433. Editorial Note

In telegram 1050 to Havana, January 22 (5:10 p.m.), the Department noted that in view of the considerable press interest in Ambassador Bonsal’s return and the inadvisability of a “no comment” statement on his part, Bonsal should make a statement upon arrival in the United States along the following lines:

“I have been called back to Washington for consultation at the request of the Department of State. I do not know how long I will be here. My return for consultation is, of course, in connection with an unfortunate steady deterioration of relations between the United States and Cuba. This deterioration has been accelerated by attacks on the United States, on the Vice President, and on myself in recent days by Prime Minister Castro and official Cuban Government organs.” (Department of State, Central Files, 611.37/1–2260)

At 5:55 p.m. on January 22, Secretary Herter called Goodpaster to discuss, among other things, Bonsal’s return. According to a memorandum of their telephone conversation:

“In accordance with the Secretary’s statement to the President that we would make no statements on Cuba without discussion with the President, Secy said Amb. Bonsal is leaving Cuba Saturday morning and flying direct to New York, proceeding Washington directly. Secy said Bonsal is bound to be hit by the press on his arrival, and Secy read proposed statement to be made by Bonsal. Goodpaster said he would get this to the President and call the Secretary back.”

At 6:45 p.m. Goodpaster telephoned Herter. According to a memorandum of their conversation:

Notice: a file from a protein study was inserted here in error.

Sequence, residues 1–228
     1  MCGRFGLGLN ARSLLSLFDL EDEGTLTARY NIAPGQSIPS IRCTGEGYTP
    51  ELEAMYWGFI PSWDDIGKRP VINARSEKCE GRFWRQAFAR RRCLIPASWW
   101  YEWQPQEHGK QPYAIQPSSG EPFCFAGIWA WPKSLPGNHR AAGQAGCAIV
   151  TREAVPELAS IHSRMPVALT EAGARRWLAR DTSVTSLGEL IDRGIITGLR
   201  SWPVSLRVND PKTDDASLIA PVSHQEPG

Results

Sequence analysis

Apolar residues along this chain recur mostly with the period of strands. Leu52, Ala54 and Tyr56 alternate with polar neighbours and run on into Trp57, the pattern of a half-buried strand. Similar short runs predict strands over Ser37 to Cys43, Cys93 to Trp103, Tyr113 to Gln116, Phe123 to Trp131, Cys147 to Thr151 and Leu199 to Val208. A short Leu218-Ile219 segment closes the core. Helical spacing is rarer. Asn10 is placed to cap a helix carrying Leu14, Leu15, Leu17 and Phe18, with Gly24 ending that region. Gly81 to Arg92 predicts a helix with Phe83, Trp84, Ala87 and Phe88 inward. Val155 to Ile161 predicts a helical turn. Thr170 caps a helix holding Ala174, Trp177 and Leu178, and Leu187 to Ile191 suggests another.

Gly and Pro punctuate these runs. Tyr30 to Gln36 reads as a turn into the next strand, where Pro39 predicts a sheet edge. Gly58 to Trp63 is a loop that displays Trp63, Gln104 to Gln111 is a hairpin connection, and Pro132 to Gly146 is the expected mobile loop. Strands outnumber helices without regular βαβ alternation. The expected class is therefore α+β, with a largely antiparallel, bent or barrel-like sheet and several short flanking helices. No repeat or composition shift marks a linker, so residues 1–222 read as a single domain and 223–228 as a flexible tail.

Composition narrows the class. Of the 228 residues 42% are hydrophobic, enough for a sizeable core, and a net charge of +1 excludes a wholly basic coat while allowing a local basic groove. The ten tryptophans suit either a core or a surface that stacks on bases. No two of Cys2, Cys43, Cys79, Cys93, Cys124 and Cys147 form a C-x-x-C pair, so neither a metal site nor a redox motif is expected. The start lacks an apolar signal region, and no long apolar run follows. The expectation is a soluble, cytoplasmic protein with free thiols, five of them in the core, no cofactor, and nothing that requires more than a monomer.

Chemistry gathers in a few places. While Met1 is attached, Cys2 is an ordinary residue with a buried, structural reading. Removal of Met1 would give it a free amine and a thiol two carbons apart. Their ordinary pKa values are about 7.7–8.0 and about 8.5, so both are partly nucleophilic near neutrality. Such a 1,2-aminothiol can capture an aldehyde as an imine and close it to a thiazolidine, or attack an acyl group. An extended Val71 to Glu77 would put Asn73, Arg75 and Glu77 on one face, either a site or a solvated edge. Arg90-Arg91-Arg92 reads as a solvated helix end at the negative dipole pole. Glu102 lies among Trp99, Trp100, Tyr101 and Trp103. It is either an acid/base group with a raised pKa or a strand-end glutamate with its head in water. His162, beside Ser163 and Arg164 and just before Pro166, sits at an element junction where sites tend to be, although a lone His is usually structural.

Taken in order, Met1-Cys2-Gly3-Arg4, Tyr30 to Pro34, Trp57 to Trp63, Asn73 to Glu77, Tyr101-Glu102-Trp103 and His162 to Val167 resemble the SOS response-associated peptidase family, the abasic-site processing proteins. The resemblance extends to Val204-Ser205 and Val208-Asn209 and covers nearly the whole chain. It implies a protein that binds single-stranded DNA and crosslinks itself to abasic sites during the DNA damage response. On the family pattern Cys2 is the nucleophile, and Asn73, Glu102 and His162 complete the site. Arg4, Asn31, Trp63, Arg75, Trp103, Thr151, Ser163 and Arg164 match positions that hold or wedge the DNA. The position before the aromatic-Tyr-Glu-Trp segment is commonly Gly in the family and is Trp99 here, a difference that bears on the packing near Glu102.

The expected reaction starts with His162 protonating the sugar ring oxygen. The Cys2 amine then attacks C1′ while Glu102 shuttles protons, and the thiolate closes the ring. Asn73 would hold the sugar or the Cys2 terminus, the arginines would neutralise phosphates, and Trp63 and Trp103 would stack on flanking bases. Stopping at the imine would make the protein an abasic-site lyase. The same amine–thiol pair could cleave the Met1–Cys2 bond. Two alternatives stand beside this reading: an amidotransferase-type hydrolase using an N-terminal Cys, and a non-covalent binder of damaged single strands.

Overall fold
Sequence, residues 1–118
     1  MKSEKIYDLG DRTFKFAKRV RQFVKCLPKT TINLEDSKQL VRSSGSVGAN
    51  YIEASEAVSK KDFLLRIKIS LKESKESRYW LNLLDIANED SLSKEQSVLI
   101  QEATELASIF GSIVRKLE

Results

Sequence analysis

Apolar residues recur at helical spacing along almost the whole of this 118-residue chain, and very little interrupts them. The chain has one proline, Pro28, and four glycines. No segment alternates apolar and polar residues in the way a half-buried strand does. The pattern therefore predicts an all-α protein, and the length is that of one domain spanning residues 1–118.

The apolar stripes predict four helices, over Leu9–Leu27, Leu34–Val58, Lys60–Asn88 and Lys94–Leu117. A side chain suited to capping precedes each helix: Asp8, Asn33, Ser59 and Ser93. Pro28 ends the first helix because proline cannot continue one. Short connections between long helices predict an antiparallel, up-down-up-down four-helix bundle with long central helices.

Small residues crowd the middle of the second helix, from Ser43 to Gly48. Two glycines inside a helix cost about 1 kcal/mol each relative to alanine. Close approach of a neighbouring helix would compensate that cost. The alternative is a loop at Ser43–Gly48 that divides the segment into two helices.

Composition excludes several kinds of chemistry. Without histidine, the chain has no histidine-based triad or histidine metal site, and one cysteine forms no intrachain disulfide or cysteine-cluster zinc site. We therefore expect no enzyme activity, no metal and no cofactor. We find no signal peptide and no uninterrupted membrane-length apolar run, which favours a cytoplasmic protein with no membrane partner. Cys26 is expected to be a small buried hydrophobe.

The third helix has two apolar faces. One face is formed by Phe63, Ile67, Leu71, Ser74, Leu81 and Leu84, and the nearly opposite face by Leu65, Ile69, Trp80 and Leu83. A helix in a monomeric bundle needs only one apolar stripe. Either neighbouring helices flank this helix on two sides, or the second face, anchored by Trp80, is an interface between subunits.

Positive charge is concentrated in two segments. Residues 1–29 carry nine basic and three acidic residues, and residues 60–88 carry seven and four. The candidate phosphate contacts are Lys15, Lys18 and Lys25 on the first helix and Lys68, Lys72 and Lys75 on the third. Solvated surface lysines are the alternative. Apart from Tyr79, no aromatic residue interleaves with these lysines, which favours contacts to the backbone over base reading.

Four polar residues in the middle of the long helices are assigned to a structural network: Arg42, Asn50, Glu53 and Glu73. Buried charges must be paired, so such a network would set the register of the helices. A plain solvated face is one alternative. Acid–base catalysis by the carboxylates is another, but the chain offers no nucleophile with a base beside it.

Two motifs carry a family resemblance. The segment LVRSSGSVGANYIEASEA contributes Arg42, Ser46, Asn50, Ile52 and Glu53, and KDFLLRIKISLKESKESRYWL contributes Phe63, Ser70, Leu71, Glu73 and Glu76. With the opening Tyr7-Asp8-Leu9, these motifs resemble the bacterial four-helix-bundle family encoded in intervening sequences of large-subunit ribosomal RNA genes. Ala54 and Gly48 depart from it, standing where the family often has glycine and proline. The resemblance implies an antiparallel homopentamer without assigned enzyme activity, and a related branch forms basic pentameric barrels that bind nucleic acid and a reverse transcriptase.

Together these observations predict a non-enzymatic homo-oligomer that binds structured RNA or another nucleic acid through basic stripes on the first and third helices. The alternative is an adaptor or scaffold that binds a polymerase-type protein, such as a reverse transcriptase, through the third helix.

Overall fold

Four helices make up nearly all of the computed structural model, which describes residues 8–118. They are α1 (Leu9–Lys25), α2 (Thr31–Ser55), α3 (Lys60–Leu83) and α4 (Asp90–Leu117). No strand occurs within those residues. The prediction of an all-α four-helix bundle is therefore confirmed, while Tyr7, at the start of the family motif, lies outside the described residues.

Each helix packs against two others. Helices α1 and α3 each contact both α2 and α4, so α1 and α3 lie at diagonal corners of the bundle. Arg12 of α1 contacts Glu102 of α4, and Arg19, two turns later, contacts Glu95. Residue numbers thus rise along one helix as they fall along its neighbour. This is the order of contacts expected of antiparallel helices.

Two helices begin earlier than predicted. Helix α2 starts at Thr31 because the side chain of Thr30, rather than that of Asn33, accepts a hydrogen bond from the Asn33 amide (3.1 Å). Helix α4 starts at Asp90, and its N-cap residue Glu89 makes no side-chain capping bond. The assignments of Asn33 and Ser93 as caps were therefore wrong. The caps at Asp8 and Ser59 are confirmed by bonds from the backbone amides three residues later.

“Gen. Goodpaster telephoned to say he had shown the President the proposed statement to be made by Bonsal and the President says the statement is all right. Goodpaster said the President asked if this meant Bonsal’s permanent recall and Goodpaster said he told the President this statement left that open, which the Secretary said was right. Secretary said we would have to wait to see what the Cubans’ next move is; whether they make an apology for their outrageous statements, etc., before we make a definite decision on Bonsal’s return there. Goodpaster said the President was all set on the proposed statement now.” (Both memoranda are in Eisenhower Library, Herter Papers, Telephone Conversations)

In telegram 1736 from Havana, January 23 (sent at 11 a.m.), Bonsal indicated that if required he would make the arrival statement along the lines suggested, but would add the following points: (a) an awareness of the traditional Cuban-American friendship of which he had so much evidence, and (b) a sympathetic awareness of the aspirations and ideals of the Cuban people which were achievable without damage to the legitimate rights of Americans in Cuba. (Department of State, Central Files, 611.37/1–2360) The text of Bonsal’s oral statement, [Page 760] which incorporated the main elements in the Department of State’s suggested statement as well as the two points proposed by Bonsal, made upon his arrival on January 23 at Idlewild Airport in New York is in Department of State Press Release No. 36, January 25, printed in Department of State Bulletin, February 15, 1960, pages 238–239.